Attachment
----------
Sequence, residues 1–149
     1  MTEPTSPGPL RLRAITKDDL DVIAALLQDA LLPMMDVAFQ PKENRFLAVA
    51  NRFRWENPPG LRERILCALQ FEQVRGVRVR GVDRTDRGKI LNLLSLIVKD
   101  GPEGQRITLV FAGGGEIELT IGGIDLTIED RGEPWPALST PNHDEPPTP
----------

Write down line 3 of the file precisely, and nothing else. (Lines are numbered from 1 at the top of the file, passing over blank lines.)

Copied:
    51  NRFRWENPPG LRERILCALQ FEQVRGVRVR GVDRTDRGKI LNLLSLIVKD